There are only two pre-critical references to Copernicus in Kant’s writing, both of which date from the silent decade between his articulation of the central problem of transcendental idealism in the famous letter to Herz in February of 1772 and the eventual publication of the Critique of Pure Reason in 1781. These references are found in the marginal notes of Kant’s copy of the fourth edition of Alexander Baumgarten’s Metaphysica (1757), which Kant consistently used as the textbook for his courses on metaphysics. I will briefly describe the content of these references now, and will return to the second reference at greater length in section 2.1.

      The first reference draws an interesting connection between Scholastic debates about the nature of substance and modern astronomical research. Next to a passage from the Preface to the second edition of the work (1742) about the difference between Aristotle’s, Aepinus’s, and Baumgarten’s own conceptions of the independence of substance,21 Kant writes, “Difference between Copernicus and Tycho.”22 Aristotle defined substance, Baumgarten explains, as that of which all things are predicated, but which is not itself predicated of anything else. Eighteenth century theologian and philosopher Franz Albert Aepinus argues, Baumgarten reports, that the independence of substance does not preclude a given substance from being a determination of a second substance as long as the first could be separated from the second. When we recall the Tychonic model of astronomy, the connection Kant makes here quickly becomes clear. In an attempt to avoid “both the mathematical absurdity of Ptolemy and the physical absurdity of Copernicus,"23 Tycho combined the geocentrism of the former with the heliocentrism of the latter. The resulting model places the earth in a stationary position at the center of the solar system.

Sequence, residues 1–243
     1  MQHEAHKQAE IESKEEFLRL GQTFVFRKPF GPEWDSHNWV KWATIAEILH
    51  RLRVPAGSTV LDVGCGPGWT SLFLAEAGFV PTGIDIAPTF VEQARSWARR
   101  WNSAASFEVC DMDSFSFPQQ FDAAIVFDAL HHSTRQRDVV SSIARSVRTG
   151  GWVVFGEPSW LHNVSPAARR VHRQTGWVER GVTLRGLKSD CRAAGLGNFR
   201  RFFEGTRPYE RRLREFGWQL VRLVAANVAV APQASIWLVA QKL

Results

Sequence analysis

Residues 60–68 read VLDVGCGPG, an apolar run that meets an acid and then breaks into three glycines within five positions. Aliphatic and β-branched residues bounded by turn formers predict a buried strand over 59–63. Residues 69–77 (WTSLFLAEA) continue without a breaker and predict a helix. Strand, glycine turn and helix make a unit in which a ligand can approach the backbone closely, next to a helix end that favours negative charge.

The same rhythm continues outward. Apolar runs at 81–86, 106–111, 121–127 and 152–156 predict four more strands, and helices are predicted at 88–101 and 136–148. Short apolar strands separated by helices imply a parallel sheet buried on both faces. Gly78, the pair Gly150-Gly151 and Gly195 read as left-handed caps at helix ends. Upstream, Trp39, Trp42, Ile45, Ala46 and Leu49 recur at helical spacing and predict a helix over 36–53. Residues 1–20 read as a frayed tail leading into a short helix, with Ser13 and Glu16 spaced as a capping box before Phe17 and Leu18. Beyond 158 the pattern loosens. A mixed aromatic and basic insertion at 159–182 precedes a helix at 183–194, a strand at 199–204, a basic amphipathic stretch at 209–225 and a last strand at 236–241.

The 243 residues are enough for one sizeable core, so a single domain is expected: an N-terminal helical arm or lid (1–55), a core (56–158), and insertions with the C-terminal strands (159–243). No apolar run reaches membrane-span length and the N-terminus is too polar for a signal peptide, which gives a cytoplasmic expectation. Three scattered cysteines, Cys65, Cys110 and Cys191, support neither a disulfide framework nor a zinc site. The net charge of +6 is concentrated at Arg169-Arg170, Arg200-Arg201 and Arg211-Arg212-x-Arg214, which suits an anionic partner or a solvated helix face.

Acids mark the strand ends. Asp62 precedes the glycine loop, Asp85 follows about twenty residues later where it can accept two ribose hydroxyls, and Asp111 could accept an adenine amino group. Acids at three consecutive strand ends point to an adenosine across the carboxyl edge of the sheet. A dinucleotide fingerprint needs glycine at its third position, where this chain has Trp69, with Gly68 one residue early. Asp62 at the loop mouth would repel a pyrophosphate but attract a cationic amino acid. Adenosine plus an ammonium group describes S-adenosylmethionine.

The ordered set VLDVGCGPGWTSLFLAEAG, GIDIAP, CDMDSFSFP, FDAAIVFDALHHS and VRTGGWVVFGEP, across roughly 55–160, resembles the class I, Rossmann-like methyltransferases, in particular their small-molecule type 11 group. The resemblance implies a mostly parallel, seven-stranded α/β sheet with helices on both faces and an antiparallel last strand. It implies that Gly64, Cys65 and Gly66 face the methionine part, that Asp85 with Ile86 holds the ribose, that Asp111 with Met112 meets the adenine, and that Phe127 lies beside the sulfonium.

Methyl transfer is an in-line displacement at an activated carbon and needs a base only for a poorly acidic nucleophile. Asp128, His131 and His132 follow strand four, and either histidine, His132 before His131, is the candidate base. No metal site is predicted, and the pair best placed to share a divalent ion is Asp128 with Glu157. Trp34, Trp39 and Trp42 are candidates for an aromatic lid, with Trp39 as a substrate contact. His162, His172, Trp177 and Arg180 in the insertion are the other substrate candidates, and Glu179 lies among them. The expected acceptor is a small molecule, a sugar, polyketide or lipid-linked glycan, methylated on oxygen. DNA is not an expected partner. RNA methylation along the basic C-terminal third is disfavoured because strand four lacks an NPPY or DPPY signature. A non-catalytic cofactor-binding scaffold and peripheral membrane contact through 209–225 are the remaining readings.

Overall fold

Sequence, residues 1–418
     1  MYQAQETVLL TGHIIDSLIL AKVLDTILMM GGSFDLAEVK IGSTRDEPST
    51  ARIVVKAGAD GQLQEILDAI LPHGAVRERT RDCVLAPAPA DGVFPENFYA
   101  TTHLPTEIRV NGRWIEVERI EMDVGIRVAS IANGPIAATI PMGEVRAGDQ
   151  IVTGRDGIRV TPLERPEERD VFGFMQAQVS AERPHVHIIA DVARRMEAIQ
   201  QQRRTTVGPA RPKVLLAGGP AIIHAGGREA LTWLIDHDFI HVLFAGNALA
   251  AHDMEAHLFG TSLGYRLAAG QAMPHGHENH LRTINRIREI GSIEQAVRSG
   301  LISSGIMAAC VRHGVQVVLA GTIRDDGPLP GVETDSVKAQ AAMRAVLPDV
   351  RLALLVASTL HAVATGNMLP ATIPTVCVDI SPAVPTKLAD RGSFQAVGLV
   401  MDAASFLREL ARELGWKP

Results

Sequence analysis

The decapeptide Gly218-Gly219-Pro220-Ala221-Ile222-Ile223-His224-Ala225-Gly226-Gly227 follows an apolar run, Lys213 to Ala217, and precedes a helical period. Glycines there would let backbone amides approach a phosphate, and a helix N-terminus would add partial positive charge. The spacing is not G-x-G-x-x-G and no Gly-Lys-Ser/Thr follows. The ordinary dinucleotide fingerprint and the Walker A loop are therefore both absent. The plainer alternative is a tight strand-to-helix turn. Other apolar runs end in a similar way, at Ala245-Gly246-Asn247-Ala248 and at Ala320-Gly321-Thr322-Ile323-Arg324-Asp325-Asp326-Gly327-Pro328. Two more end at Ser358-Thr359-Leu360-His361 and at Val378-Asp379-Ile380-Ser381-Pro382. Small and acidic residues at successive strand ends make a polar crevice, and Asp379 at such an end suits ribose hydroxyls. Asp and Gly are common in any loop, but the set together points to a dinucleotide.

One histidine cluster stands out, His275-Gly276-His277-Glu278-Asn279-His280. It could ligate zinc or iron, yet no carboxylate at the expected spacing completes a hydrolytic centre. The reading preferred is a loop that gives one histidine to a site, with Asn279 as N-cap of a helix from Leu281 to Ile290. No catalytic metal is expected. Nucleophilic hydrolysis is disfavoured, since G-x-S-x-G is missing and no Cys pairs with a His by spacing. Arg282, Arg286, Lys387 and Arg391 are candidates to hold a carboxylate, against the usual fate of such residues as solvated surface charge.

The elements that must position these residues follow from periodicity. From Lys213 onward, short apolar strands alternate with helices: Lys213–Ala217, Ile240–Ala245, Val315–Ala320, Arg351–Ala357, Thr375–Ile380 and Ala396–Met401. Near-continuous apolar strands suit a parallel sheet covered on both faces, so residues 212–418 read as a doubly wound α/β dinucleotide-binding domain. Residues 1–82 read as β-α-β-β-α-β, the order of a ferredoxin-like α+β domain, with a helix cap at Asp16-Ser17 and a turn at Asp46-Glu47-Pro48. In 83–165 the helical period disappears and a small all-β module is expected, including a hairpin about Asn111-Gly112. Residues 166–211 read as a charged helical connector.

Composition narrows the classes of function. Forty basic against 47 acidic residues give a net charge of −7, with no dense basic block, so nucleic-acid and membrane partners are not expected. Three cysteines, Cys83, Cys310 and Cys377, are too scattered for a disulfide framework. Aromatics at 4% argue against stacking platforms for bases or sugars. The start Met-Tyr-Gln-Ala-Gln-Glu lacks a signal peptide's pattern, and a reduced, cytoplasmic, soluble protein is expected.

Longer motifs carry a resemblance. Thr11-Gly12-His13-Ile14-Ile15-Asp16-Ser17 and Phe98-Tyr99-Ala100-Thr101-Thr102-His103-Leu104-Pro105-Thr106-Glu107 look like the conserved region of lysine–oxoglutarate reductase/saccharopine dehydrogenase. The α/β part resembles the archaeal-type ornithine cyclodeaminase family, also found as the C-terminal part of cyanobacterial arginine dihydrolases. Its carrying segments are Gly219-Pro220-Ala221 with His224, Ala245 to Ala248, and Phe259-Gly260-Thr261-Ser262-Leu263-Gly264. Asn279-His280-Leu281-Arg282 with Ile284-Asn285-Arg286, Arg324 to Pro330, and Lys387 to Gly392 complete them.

21 See page XVII of the Metaphysica, reproduced in Kant, AA 17:8.

      22 Kant, Refl 4918, AA 18:28.

      23 Tycho Brahe, quoted in Thoren (1990, p. 239).